Among the ordination methods available to ecologists there are methods that relate a species abundance or occurrence matrix to a matrix of explanatory variables. Known as constrained or canonical ordination methods, redundancy analysis (RDA) and Canonical Correspondence Analysis (CCA) are the most commonly encountered forms. A restriction of these methods is that they are only constrained if there are fewer explanatory variables as numbers of observations or species, whichever is lowest, - 1.

Relating two species matrices is not possible using RDA or CCA unless the number of species in the data set playing the explanatory role is much smaller than the number of observations. Co-inertia analysis was invented as a solution to problems of this sort, but a deficiency is that it has an underlying linear response model like RDA.

Co-correspondence analysis (Co-CA) combines the ideas of co-inertia analysis with the unimodal response model familiar to correspondence analysis (CA) or CCA methods. The aim is to related two species abundance or occurrence matrices such that the resulting decomposition into axes are those combinations that best explain the covariation between species and observations in the two matrices.

There are two forms of Co-CA;

- Symmetric Co-CA, and
- Predictive Co-CA.

In symmetric Co-CA, neither of the two abundance or occurrence matrices plays the predictive or explanatory role. This method is best thought of as identifying the common patterns between the two assemblages. In contrast, in predictive Co-CA a more direct regression model is fitted where one matrix plays the response role and the other the predictor role. In this way, one set of species data is used to predict the other.

The key requirement for Co-CA is that the two assemblages have been collected at the same locations, just as you would if you wanted to explain species abundance as a function of environmental factors.

As an illustration of symmetric Co-CA, we look at common patterns in a data set of beetles and plants. The data are provided with **cocorresp**

```
data(beetles)
## log transform the beetle data
beetles <- log1p(beetles)
data(plants)
```

The data are observations of beetle and vascular plant species abundance at 30 roadside verges in the Netherlands. There are 30 beetle taxa and 30 vascular plant species. The abundances of the vascular plants are recorded on the 1–9 va der Maarel scale. To make the distributions of beetle species abundances more symmetric and stabilise variances, the counts are log transformed.

Both forms of Co-CA are fitted using the `coca()`

function. The call comprises

- a formula, where the left-hand side is a community data frame or matric, and the right-hand side is typically a
`.`

, - a
`data`

argument supplied a suitable data frame or matrix. This is the object used to form the terms on the right-hand side of the formula indicated by the`.`

placeholder, - the type of Co-CA model to fit, indicated by the
`method`

argument; options are`"symmetric"`

and`"predictive"`

.

A symmetric Co-CA is fitted to the beetle and plant data sets as follows

```
bp.sym <- coca(beetles ~ ., data = plants, method = "symmetric")
```

```
## some species contain no data and were removed from data matrix y
```

```
## some species contain no data and were removed from data matrix x
```

Notice that it shouldn't make any difference which of the matrices is specified on the right- or left-hand sides of the formula. The messages printing suring fitting are for information; some species contained no data and hence were removed prior to fitting. This data processing step could have bee performed ahead of time via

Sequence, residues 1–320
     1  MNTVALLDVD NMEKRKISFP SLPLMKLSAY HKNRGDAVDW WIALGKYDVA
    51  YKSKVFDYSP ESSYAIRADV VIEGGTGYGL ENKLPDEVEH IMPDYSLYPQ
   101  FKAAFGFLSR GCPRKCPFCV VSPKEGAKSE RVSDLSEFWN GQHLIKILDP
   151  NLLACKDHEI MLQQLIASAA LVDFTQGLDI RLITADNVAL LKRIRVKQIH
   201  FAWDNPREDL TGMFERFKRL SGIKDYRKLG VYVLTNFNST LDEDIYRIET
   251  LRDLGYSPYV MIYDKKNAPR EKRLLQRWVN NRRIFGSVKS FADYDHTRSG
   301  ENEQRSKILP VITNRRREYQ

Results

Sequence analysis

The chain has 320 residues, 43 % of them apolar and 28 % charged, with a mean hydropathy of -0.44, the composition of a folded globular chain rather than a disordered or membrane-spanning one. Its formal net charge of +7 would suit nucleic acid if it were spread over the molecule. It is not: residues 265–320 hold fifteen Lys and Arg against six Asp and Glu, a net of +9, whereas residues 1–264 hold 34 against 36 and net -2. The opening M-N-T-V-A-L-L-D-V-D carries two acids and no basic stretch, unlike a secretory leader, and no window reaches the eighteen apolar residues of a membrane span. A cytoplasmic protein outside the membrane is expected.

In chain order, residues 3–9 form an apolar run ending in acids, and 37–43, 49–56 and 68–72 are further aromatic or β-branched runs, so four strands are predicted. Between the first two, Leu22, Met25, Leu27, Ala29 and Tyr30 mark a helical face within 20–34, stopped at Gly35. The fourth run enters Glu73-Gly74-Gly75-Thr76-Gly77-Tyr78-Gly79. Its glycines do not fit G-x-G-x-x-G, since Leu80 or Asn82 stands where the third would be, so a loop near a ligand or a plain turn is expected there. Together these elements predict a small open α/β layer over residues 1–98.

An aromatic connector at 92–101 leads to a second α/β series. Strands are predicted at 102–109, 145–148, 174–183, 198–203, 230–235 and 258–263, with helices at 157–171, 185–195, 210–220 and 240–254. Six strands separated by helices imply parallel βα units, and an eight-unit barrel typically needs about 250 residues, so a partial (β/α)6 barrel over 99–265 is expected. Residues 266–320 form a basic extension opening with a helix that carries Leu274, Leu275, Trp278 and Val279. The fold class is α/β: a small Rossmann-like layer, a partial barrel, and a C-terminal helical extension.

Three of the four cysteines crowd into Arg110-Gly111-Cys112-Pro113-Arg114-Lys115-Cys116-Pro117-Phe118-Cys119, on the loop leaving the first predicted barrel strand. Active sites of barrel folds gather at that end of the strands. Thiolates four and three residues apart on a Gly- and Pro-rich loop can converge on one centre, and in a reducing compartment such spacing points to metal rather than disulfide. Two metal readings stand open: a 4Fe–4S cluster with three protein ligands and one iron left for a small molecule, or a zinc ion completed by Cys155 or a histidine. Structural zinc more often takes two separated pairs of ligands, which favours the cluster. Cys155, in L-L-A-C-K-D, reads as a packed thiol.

```
beetles <- beetles[, colSums(beetles) > 0]
plants <- plants[, colSums(plants) > 0]
bp.sym <- coca(beetles ~ ., data = plants, method = "symmetric")
```

Printing the resulting object provides a relatively compact summary of the Co-CA model fitted

```
bp.sym
```

```
##
## Symmetric Co-Correspondence Analysis
##
## Call: symcoca(y = y, x = x, n.axes = n.axes, R0 = weights,
## symmetric = symmetric, nam.dat = nam.dat)
##
## Eigenvalues:
## COCA 1 COCA 2 COCA 3 COCA 4 COCA 5 COCA 6 COCA 7
## 0.2534 0.1289 0.0811 0.0741 0.0585 0.0474 0.0373
## COCA 8 COCA 9 COCA 10 COCA 11 COCA 12 COCA 13 COCA 14
## 0.0320 0.0308 0.0233 0.0207 0.0184 0.0172 0.0161
## COCA 15 COCA 16 COCA 17 COCA 18 COCA 19 COCA 20 COCA 21
## 0.0144 0.0118 0.0106 0.0100 0.0087 0.0085 0.0066
## COCA 22 COCA 23 COCA 24 COCA 25 COCA 26 COCA 27 COCA 28
## 0.0063 0.0050 0.0044 0.0043 0.0034 0.0022 0.0010
## COCA 29
## 0.0006
##
## Inertia:
## beetles plants
## Total: 3.98833 5.757
## Explained: 3.97079 5.740
## Residual: 0.01754 0.018
```

A scrreplot provides a compact summary of the dimensionality of the covariance between the two matrices.

```
screeplot(bp.sym)
```

From the screeplot, we see that most of the signal in the covariance is contained on the first 2-3 axes.

The resulting symmetric cocorrespondence analysis can be plotted in the form of a biplot, except now we have two sets of species (variable) scores and two sets of site (observations or sample) scores. The `plot`

method can be used to draw the Co-CA biplots. The `which`

argument selects which of two asemblages are drawn:

`"response"`

indicates the species assemblage on the left-hand side of the formula,`"predictor"`

indicates the species assemblag on the right-hand side of the formula.

```
layout(matrix(1:2, ncol = 2))
plot(bp.sym, which = "response", main = "Beetles")
plot(bp.sym, which = "predictor", main = "Plants")
layout(1)
```

Some additional control is afforded by the `plot()`

method, but good plots of the fitted Co-CA will often require the use of lower-level functions such as the `points()`

and `scores()`

methods.